In terms of psychological or medical research, scientific verisimilitude is necessary if you’re claiming your character suffers from this or that syndrome. Otherwise, I wouldn’t worry too much. People are infinitely variable and if you avoid labels and imagine yourself into a particular mind and body you can generally get away without too much by way of research.

Once you have a ‘feel’ for time, place, character, nothing succeeds quite like a well-placed detail for bringing a scene to life — think Hilary Mantel’s moth hole in that famous sleeve. If your character is a singer, for example, then I do think you need to understand the unique type of neuroses that tend to afflict such people — their terror of colds, of damage to the vocal chords — and the technical difficulties involved in a singing a particular type of music. Yet again, you can pick up a lot from firsthand accounts.

One telling detail will do much more work for you than acres of downloaded research. For example, if you are writing about a nineteenth century seamstress, have her use the right kind of materials, wear typical clothing, sit in the right kind of chair, and then simply employ a bit of Method writing to bring the scene to life. Spend an evening, or even an hour or two, sitting in a cold room bent over your work in dim lighting, and you should be able to extrapolate enough from that experience combined with your research in order to create a convincing seamstress.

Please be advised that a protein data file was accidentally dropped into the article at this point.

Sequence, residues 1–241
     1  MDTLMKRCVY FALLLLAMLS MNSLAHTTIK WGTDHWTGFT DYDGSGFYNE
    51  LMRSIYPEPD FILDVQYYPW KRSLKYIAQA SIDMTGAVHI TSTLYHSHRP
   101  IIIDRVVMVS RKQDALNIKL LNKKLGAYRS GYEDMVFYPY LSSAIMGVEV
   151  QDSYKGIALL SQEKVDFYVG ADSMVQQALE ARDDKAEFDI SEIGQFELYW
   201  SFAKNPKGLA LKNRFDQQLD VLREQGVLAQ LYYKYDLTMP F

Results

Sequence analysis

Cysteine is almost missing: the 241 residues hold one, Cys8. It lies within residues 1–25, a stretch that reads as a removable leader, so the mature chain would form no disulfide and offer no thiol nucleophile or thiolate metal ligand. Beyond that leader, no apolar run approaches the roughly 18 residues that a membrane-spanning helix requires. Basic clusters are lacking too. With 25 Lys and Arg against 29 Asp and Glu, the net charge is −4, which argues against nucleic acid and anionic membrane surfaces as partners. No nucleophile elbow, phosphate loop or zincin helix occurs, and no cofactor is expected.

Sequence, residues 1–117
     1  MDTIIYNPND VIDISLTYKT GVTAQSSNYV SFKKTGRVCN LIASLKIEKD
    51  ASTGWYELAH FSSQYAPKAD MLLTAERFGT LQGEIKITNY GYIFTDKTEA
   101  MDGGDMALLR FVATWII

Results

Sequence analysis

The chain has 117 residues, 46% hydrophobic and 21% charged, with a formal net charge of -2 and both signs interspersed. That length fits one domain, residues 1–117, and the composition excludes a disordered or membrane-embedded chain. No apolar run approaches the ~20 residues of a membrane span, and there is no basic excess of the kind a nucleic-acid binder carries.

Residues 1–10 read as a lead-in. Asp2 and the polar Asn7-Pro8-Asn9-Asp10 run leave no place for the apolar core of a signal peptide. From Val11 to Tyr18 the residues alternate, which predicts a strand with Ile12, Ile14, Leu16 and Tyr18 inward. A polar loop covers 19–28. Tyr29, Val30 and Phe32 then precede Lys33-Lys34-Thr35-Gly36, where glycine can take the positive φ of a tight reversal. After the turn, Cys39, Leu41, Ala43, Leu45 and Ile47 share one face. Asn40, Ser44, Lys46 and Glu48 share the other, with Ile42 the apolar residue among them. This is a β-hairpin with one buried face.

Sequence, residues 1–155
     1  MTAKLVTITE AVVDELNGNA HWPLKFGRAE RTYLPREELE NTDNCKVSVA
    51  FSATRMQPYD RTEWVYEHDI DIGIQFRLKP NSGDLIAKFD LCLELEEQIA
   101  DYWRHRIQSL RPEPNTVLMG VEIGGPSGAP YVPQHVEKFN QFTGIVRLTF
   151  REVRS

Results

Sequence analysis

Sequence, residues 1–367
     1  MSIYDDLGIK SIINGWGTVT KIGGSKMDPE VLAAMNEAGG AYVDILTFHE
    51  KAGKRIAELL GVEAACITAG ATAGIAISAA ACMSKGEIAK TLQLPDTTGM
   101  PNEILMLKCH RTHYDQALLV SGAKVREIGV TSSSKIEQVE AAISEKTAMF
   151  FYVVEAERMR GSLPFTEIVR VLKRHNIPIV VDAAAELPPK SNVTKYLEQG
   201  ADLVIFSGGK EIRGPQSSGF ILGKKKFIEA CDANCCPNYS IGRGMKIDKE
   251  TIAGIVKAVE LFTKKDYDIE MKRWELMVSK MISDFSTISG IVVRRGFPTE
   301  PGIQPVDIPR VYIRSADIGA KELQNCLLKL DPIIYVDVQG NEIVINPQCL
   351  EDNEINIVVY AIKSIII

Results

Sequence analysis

So there we have it — imaginative engagement complemented by targeted research. Wear your character’s shoes, and you won’t go too far wrong.



Annemarie Neary was born in Northern Ireland. She studied literature at Trinity College Dublin, and qualified as a barrister at King's Inns.

Her novel The Orphans is out now in Kindle and hardcover from Hutchinson (Penguin Random House UK). A Windmill Books paperback is forthcoming in April 2018. Siren was published by Hutchinson in 2016, with a Windmill paperback out earlier this year, and A Parachute in the Lime Tree was published by The History Press Ireland in 2012. She is currently working on a fourth novel.

She holds a Masters in Venetian Renaissance art from the Courtauld Insitute, and Venice — its locations, historical events, and artworks — has inspired a number of short stories.
http://www.annemarieneary.co.uk/